Reggie Reed was born on Martha’s Vineyard during the time when Reggie’s father was a lighthouse keeper. He was born in the quarters of the assistant keeper at the West Chop Light. During the first eleven years of Reggie’s life his family moved quite a bit, from lighthouse to lighthouse, wherever his father’s work took them. In 1925, Reggie’s father took a job as lighthouse keeper at Brant Point on Nantucket. Reggie was one of five children, four boys and a sister. He was the youngest and his mom passed away when he was only a year and a half old. His father remarried soon after and he was raised by his step mother.
After high school, Reggie went to work for the next ten years building dams in Brimfield, MA. for President Roosevelt’s Civilian Conservation Corp. He said the dams were put in place in the woods for water supply to assist with extinguishing fires. He decided to return to Nantucket and landed a job at the cranberry bogs, remaining there for the next seven years. He became a carpenter for the next thirty years. Once retired, he took a basket making class with Bill Sevrens and began making and repairing baskets. In his own words, Reggie did not really fancy himself as a basket maker but more as a “laborer.” He repaired baskets and make parts for other makers. He invented several devices to improve the process of basket making that were quite ingenious and made use of parts and materials found around his shop.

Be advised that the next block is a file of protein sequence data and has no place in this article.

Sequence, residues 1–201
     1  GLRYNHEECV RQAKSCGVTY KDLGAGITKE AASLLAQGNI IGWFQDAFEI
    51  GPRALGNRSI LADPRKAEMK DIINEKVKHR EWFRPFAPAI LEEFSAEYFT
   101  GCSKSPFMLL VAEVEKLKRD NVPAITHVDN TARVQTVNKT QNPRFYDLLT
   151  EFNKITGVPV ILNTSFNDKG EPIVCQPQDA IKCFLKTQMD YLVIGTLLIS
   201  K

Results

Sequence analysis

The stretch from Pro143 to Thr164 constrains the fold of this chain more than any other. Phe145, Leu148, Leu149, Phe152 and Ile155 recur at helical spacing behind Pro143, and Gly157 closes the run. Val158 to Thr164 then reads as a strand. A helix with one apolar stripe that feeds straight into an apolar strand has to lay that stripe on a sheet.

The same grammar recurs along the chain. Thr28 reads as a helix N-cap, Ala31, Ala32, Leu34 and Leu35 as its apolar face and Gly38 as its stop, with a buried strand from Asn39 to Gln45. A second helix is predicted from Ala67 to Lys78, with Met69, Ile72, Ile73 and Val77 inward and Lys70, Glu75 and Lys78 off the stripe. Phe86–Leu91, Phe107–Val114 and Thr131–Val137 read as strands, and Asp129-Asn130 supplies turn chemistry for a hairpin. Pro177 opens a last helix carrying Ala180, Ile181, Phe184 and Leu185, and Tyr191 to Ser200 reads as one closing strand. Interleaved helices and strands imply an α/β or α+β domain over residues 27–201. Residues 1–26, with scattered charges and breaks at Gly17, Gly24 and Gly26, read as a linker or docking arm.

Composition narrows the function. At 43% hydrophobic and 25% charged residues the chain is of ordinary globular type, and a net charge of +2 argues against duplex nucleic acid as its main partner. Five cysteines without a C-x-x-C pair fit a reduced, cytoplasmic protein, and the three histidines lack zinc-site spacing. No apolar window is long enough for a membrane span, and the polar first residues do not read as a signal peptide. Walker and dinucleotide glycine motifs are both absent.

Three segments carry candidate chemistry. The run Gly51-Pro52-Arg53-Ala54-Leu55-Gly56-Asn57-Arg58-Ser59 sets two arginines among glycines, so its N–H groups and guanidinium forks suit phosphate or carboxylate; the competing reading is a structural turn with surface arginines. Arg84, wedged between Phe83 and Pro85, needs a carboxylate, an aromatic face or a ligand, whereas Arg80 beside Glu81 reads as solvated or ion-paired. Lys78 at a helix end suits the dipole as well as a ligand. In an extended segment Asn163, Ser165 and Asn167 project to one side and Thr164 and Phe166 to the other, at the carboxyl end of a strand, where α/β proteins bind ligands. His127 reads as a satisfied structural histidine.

In an interview in 1995 he was very proud to say that he had been the caretaker of the town clock for thirty five years. Reggie also prided himself on his involvement over the years with several groups and associations such as The Wharf Rat Club, The Pacific Club, the Odd Fellows and the Improved Order of Redmen.